A couple of people record a podcast against the back wall.
Comfy chairs surrounding a low table quickly fill up while a quiet card game breaks out at an adjacent table.
Each person enjoys a beverage and snack.
As midday nears, the stack of fresh muffins and brownies dwindles and sandwiches start rolling out of the kitchen.
A pleasant buzz fills the Cedar Hill Recreation Centre, one that was missing for a while.
With Victoria Foundation funding, the Second Chance Cafe quietly reopened last month, but clearly it wasn’t quiet long.
The room packed with smiles is the greatest reward for head baker Toni King.
“It gives me chills just thinking about it, sharing what I’m feeling inside with other people,” she said.
King is clearly all about sharing laughter, even on serious subjects she sees the lighter side – and she’s seen some serious stuff.
In 2015 King woke with “the worst headache ever.” It turned out to be a brain stem aneurysm that robbed her of four months of her life – among other things. She doesn’t remember it, but had actually called 911 herself.
After an emergency flight to Vancouver and several surgeries, King returned to Victoria General Hospital for a few months before waking.
Time was just one thing the injury took.
“I actually became a statistic,” King said. She could no longer work as an operating room technician, and ended up separated from her wife – winding up alone in a new place.
Then someone from Brain Injury Services at The Cridge Centre for the Family came along.
“They’ve given all the support I needed to get back on my feet. It has been life-changing for me. I could just be sitting on the couch withering away to nothing,” King said. “As soon as I got into the Cridge program it gave me direction and purpose and here I am living every minute of it.”
Among the support was a cooking course that spurred her latest career – with baking at the cafe just her most recent role. Feeding people makes her happy.
Geoff Sing, manager of brain injury programs for the Cridge, boasts the cafe has the best baked goods and wonderful social setting. The program assists about 80 brain injury survivors across Greater Victoria, he said.
“Our role is working ourselves out of a job,” said Sing, also a survivor. “If we invest in survivors early we’re going to have better outcomes.”
In a partnership between the District of Saanich and The Cridge Centre for the Family, The Second Chance Cafe is fully led and staffed by survivors of brain injury.
Statistics show survivors of brain injury are more likely to experience homelessness, poverty and addiction, so programs providing job training, employment, and fulfillment are crucial.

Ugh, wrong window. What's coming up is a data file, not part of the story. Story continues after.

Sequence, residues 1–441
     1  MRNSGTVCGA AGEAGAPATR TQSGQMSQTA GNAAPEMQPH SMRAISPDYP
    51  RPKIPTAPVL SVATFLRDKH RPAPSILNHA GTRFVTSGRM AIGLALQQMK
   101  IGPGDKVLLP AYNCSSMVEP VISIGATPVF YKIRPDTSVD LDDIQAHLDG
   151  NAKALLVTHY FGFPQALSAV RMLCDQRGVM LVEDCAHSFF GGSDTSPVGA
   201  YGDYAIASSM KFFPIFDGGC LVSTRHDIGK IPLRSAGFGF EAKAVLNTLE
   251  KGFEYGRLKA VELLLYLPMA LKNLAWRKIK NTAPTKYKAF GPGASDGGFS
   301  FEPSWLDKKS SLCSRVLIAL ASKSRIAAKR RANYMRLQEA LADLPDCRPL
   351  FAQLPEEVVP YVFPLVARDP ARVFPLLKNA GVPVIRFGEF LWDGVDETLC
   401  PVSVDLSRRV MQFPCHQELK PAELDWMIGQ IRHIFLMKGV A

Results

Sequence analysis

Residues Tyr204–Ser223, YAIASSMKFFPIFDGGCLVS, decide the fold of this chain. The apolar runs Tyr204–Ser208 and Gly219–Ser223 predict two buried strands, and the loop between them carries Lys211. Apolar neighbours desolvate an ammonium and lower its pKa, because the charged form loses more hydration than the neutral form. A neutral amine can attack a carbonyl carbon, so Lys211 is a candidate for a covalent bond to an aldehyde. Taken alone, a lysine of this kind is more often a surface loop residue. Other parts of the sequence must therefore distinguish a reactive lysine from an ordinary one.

The cafe offers an opportunity to retrain and develop skills, explained employer development coordinator Bryan Rowley.
“The idea is that they’re moving along a spectrum from a place of not working, to a place of starting out here getting their juices flowing, getting their work muscles flexed and then moving on to other things. That’s the end goal,” Rowley said.
Having the business at a municipally-owned community centre also opens the wider community to opportunities for engagement, interaction and understanding.
Opening an eatery – and creating a partnership between district and non-profit – involves some heavy lifting. Knowing the potential kept Sing and Saanich’s Deanna Roch on the task developing hours, menus and roles.
“They’re putting people back into the community that are survivors of brain injury. Their life is literally turned upside down. I sit there as a human being and couldn’t even imagine. But I also sit there as a mother and that was the piece for me for some of the stories,” said Roch, privy to some of the stories shared through the course of developing the cafe. “Sometimes you’re in the wrong place at the wrong time that’s all it is, and you have a life-changing experience. … This gives people the opportunity to be a part of something and contributing to society”
A 19-year Saanich employee, Roch took a posting at the Cedar Hill centre almost exactly a year ago. Immediately her goal was to return foods service to the centre, but how it might be done differently.
“I have programmed preschool, I’ve run swimming pools, weight rooms, you name it. But I have never operated a kitchen,” said Roch, who did lean a little on her husband, a chef in his previous career.
The endeavour was worth the extra effort. Raised in a family where sitting down for dinner was mandatory – the community centre connection appeared evident.
“In the community everybody has to eat, you sit down and break bread, it’s the heart of the community. To me, the recreation centres are the heart of the community … we’re able to nurture it in a different way,” she said.
The shared vision is coming to fruition.
Instead of popping in and running off again, or a hurried conversation in a parking lot, folks are following class with a visit. Others are planning it. And while patrons are learning a bit about the brain injury survivors, programs and the Cridge Centre, they’re also finding themselves.
For example, Roch recently ran into a woman snapping a picture of the menu.
Naturally, she naturally engaged the woman in conversation and learned she was rushing off to get her aging husband to his appointments. Inspired by the cafe to take the time to “sit with the girls,” the woman had snapped the photo as a reminder to start scheduling in time for herself.
“She’s really lucky that she does have that community around her,” Roch said.
Sounds like the kind of story that might give the head baker the shivers.
The grand opening of the Second Chance Cafe at Cedar Hill Recreation Centre is Dec. 1 at 10 a.m.
Learn more about the Cridge Brain Injury Services at cridge.org.